A Message from John Kavanagh


Yesterday a positive preliminary meeting took place between Minister Michael Ring, a representative of Sport Ireland, Professor Dan Healy and senior civil servants. The purpose of the meeting was to discuss the future of MMA (mixed martial arts) in Ireland, its regulation and safety measures at competitions.

Ireland now has close to 100 MMA clubs across the country, the majority of which have active competitive MMA teams under the Irish Amateur Pankration Association (IAPA)

Over the course of the next few weeks, a series of meetings are to take place between the IAPA and government officials to commence work towards regulating our sport efficiently and safely.

Although the professional end of the sport receives the most media attention, it only represents the tip of the iceberg. MMA is enjoyed both recreationally and at an amateur level by many 1000s nationwide; and I, as President of the IAPA, look forward to a meaningful dialogue with our government as we set about putting in place best practice for MMA clubs and constructive support at the grass roots level. MMA is only growing in popularity and, just like any other sport, we need our own national governing body working in partnership with Sport Ireland as we enable many young athletes to train and compete.

Last year, the IAPA sent a team of amateur MMA competitors to compete in international championship events under the International Mixed Martial Arts Federation (IMMAF). We were able to successfully represent Ireland at the 2015 IMMAF World Championships of Amateur MMA in Las Vegas and at the 2015 IMMAF European Open in Birmingham (UK), winning gold medals at both. This year we are preparing a full team to represent the Republic of Ireland in the 2016 IMMAF World Championships.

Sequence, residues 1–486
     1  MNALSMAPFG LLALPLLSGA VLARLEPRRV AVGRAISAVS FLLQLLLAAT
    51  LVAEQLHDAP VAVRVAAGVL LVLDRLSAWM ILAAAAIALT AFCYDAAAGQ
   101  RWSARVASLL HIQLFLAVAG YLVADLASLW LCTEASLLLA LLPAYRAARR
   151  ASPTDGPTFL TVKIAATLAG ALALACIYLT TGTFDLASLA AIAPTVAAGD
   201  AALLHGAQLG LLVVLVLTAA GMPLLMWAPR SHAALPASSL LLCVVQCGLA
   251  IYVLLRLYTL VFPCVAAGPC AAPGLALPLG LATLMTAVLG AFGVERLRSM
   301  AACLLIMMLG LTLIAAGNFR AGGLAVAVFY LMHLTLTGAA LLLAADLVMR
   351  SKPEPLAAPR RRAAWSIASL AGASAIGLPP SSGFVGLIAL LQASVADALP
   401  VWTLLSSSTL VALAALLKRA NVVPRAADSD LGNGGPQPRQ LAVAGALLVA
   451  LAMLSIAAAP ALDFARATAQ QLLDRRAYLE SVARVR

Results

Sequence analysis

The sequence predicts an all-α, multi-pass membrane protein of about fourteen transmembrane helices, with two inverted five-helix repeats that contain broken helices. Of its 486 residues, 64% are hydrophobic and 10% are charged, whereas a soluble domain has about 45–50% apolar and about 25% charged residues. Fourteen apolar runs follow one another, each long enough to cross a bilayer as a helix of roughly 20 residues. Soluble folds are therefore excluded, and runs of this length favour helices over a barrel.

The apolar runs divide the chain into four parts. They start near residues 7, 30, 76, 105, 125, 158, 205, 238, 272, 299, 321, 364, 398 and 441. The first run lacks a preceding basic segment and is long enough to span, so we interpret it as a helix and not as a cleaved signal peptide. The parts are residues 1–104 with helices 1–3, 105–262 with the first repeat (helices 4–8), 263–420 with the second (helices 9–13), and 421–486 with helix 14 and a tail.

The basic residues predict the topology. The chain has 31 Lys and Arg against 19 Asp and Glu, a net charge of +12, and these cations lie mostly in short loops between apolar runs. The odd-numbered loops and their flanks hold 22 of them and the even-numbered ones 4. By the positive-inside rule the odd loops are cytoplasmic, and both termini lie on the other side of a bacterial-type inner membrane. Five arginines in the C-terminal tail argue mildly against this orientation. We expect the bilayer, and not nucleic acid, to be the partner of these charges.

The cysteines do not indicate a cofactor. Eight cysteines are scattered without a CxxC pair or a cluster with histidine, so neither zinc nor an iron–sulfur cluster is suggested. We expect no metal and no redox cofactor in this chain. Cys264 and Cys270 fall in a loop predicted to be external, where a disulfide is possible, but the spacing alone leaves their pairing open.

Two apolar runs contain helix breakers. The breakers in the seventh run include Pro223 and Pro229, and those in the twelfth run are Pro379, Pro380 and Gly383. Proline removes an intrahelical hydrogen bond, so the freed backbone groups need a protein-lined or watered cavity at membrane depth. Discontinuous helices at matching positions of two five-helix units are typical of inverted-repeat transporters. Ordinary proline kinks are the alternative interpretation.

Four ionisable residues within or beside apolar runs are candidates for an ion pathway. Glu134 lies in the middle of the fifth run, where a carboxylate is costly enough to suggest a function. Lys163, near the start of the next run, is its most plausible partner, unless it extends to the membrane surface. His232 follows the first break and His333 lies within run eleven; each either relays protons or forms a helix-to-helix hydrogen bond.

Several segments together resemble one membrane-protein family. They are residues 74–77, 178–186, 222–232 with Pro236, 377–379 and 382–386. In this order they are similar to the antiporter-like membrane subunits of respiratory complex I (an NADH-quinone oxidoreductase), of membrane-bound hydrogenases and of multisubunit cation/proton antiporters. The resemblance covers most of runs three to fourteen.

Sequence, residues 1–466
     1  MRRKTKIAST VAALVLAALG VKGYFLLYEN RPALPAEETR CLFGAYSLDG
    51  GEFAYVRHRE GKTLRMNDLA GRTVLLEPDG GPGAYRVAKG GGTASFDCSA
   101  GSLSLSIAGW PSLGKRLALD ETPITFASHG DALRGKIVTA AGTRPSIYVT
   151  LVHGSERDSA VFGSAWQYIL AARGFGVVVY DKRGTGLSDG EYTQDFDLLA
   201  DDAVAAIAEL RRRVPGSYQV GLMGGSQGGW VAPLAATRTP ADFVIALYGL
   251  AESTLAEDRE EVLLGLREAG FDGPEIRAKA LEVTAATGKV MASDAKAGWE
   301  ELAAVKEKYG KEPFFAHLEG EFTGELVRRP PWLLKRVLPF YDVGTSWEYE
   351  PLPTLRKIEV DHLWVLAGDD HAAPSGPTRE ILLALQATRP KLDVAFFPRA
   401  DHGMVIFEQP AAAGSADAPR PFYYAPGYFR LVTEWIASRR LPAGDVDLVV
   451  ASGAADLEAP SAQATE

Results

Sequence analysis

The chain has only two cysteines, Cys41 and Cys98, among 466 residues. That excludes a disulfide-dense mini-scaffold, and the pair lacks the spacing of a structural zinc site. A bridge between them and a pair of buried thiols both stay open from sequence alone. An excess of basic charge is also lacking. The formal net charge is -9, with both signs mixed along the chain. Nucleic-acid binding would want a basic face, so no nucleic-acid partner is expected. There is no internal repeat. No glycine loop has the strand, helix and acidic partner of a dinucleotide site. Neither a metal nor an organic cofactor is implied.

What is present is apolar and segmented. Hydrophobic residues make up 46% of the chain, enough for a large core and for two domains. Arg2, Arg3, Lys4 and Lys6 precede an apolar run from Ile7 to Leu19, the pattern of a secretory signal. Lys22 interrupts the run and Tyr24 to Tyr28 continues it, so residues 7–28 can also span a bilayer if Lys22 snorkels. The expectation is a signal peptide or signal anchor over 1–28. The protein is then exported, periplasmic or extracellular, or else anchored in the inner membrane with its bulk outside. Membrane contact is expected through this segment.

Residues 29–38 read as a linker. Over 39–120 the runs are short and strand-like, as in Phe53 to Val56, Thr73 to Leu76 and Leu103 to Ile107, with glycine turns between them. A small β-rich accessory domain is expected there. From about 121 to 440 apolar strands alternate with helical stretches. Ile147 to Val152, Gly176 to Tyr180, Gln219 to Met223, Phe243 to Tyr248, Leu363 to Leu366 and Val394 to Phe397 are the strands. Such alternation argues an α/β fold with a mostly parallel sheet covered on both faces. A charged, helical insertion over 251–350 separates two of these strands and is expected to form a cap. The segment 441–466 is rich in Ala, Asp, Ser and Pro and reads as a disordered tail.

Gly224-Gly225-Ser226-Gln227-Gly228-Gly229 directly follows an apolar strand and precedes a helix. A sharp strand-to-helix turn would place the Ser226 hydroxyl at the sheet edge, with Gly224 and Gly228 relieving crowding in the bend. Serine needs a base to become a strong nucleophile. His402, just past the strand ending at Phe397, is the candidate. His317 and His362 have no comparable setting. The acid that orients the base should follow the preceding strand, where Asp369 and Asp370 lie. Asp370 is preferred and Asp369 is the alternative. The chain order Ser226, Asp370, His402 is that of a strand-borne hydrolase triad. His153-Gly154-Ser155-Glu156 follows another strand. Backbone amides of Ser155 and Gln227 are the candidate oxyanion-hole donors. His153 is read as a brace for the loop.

I see this acknowledgment by the Sports Minister and government officials as a very positive first step towards our excellent athletes receiving the same level of support and recognition as Ireland's fantastic national sports teams do when they travel and represent their country. We have a lot of work to do, but the journey of a thousand miles begins with a single step. I'm happy that after nearly 20 years of promoting MMA in Ireland to be making that first step.

The Irish Amateur Pankration Association (IAPA) is an associated body of national governing body, the Irish Amateur Wrestling Association (IAWA). It is made up of IAWA affiliated club members from wrestling, grappling and the martial arts community in the Republic of Ireland. It also enjoys the support of a network of gyms, athletes and promoters.

 - John Kavanagh, SBG Ireland

The Bright lights of Bellator Await SBG's James Gallagher

via Fightland. Written by Peter Carroll


Today, Bellator announced the signing of 19-year-old James Gallagher. The 3-0 featherweight has been tipped for the top since his early teenage years and if his first pro outings were anything to go by, he had no intention of spending too long on the regional scene.

‘The Strabanimal’ has been calling for the biggest stages since claiming his first win pro win back in October, a first-round submission of Denis Ahern. After claiming two more submission via choke over Declan McAleenan and Gerard Gilmore, the writing was on the wall for one of the bigger promotions to take note of him.


Gallagher has been touted as one of the most promising fighters on the Irish MMA scene since his teenage years. Even at such a young age, ‘The Strabanimal’ already had his mind made up about his future. In school, all Gallagher thought about was fighting so he eventually just stopped going at the age 15.